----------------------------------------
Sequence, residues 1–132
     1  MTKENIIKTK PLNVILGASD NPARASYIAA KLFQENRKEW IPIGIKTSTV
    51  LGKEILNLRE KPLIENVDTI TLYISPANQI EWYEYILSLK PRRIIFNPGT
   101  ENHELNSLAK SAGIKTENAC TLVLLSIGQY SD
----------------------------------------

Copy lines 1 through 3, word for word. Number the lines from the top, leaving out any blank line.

Sequence, residues 1–132
     1  MTKENIIKTK PLNVILGASD NPARASYIAA KLFQENRKEW IPIGIKTSTV
    51  LGKEILNLRE KPLIENVDTI TLYISPANQI EWYEYILSLK PRRIIFNPGT